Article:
Earlier this season in one of my game previews I explained why I try not to get tied down into over-analyzing statistics, comparing positional units, and looking at ways individual players could overwhelm inferior talent lining up across from them. This is my starting point for doing any research but eventually I have to let it go and try to look at a bigger picture.
This is never more true than during bowl season when forces, both internal and external, can wreak havoc on a program over a month-long break from the grind and habit of game week.
The Fiesta Bowl Ups the Ante for Notre Dame Football https://t.co/oaPwBucgZw pic.twitter.com/o0DKn2T2ls— One Foot Down (@OneFootDown) December 28, 2015
Looking at the numbers and the talent on each side it's not difficult to envision a scenario where Notre Dame wins this game. The Irish offensive line can have its way with the depleted Buckeye interior, the run game remains productive, and the pass game hits a few deep shots to post a big number on the scoreboard. Defensively, the safeties play well in the box, Notre Dame does enough to slow down OSU's run game, and they don't get killed by mental errors and a handful of crippling big plays.
That seems like the mostly likely scenario for an Irish win. Or, who knows, maybe the Notre Dame defense doesn't play all that well and is saved by 5 touchdowns from Will Fuller anyway?
In the lead up to the bowl I've been asking myself 3 questions which I believe will prove pivotal to the outcome of this game:
- What are the odds that Kelly out-coaches Meyer?
- What are the odds Ohio State isn't THAT good?
- What are the odds Ohio State isn't highly motivated?
Normally, I don't like to make great sweeping generalizations about people getting out-coached. It's a phrase that gets thrown around far too often when in reality it's just something generic that fans like to blurt, typically absent of any context of how the game played out.
In regards to Kelly v. Meyer it's more about if Notre Dame can come prepared to face a coach that has been one of the best in history in taking a month to engineer a post-season victory. Last year's plan against LSU was terrific but the stakes are higher now, the opponent is better, and the coach is better.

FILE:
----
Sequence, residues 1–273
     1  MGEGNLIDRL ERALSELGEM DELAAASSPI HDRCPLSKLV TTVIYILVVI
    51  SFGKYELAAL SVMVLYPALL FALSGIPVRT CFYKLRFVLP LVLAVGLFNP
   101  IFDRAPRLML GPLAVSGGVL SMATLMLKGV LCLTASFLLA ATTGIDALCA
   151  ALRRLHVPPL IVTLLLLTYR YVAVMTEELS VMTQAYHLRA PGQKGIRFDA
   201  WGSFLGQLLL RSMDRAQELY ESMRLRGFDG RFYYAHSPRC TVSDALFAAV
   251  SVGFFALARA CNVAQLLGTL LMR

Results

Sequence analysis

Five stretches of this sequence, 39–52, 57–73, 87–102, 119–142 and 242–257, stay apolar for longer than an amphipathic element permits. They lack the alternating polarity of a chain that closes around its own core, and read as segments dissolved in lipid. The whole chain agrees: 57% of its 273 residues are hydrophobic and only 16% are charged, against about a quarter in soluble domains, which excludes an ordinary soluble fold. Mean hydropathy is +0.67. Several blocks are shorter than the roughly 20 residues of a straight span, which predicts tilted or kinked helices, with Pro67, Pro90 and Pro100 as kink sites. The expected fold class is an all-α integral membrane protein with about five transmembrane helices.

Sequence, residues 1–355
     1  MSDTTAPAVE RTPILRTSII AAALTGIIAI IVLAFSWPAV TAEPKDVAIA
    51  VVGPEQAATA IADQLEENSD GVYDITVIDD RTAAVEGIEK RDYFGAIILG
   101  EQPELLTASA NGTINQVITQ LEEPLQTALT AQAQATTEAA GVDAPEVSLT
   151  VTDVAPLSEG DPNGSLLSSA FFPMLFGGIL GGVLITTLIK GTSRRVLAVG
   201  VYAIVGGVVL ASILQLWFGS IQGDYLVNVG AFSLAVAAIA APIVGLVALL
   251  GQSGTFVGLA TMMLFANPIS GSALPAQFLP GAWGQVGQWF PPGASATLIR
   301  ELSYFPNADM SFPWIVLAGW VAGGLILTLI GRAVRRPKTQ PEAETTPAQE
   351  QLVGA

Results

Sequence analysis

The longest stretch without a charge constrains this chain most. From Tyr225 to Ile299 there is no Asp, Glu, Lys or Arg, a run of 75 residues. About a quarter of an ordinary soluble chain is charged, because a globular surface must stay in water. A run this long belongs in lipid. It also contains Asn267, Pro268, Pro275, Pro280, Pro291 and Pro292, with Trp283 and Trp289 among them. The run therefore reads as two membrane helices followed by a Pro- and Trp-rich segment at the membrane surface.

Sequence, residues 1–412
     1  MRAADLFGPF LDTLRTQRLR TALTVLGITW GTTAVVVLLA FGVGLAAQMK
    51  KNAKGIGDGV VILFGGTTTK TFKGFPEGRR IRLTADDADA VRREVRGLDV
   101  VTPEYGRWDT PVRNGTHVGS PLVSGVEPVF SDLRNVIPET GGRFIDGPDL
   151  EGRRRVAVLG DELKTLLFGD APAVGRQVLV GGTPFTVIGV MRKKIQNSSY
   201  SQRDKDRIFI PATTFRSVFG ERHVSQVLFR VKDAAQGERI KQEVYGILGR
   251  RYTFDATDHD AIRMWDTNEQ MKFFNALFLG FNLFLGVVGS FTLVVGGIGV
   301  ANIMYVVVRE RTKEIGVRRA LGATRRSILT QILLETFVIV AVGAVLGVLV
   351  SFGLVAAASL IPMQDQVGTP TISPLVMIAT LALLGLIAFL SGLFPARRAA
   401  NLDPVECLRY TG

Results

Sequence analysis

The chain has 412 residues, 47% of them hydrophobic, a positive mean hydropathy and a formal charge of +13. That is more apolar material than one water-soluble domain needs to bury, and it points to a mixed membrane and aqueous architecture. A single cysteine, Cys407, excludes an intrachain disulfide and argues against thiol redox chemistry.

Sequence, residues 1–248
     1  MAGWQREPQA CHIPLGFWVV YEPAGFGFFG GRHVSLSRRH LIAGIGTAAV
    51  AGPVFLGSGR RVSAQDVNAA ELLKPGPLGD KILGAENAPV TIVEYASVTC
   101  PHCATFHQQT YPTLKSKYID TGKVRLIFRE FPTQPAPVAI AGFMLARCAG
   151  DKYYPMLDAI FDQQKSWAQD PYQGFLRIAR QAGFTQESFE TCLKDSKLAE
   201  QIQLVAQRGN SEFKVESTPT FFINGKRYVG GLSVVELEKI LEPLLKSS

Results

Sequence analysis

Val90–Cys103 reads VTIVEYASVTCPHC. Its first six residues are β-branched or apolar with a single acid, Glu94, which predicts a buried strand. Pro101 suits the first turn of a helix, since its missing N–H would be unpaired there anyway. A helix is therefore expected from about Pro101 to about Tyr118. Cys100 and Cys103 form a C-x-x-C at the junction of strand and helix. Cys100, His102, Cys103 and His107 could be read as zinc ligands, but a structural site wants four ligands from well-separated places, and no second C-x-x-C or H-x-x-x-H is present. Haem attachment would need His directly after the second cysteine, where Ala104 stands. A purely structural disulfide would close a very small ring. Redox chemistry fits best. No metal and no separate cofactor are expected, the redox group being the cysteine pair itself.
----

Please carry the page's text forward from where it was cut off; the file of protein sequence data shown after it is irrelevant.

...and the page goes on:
The last two questions go hand-in-hand for me. There's been plenty of talk about how Ohio State hasn't impressed this year and aren't as good as people make them about to be, Part of that depends upon who 'they' are and how good they're making Ohio State out to be in the first place. That's a really varied discussion.
There's plenty of truth to the discussion that the Buckeyes largely haven't performed like the defending National Champions and have disappointed relative to their expectations. However, I think this is a little different than talking strictly about their talent level, specifically since they're a month removed the regular season.
This isn't like we're dealing with Auburn who came into the season with Top 10 expectations based on an unproven quarterback projected to become one of the nation's best, a defense doing a complete 180, and a bunch of other things needing to turn around for the Tigers. No, this is an Ohio State team that returned the bulk of their squad from last year's devastating National Championship run.
Yet, we know not every season ever comes close to the same as the year before and that definitely has been the case for the Buckeyes. But why?
- Championship Hangover
- Quarterback Controversy
- Coaching Changes
Here are the 3 main reasons why a team stocked with proven talent isn't taking part in today's College Football Playoffs to defend their title.
The tug of war between quarterbacks J.T. Barrett and Cardale Jones obviously neutered the offense, prevented growth over the season, and did who knows what to the chemistry in the locker room--after all Barrett was named a team captain only to find himself on the bench to begin the season.
This dysfunction was exacerbated by losing offensive wunderkind Tom Herman as play-caller and going to a pair of new co-offensive coordinators who really did not show themselves worthy of that much responsibility.
The hangover from 2014 is even more explainable and proof yet again that even the best coaches struggle to repeat because it's hard to keep everyone hungry once you've reached the summit. Plus, anyone could have looked at Ohio State's schedule and surmised they might not be going full throttle from week 1 when no one was going to be in the same zip code of their talent until late November.
Add in a pinch of some guys likely with a foot out the door to the NFL and the Buckeyes sleepwalked through 2015, ultimately paying the price against Michigan State. Yet, they looked alive against Michigan.
Perhaps the question is which is the 'real' 2015 Ohio State--the one that had some ups and downs over an 11-game span, or the one that showed up in ill mood against Harbaugh? Given that choice most would take the larger sample size as proof.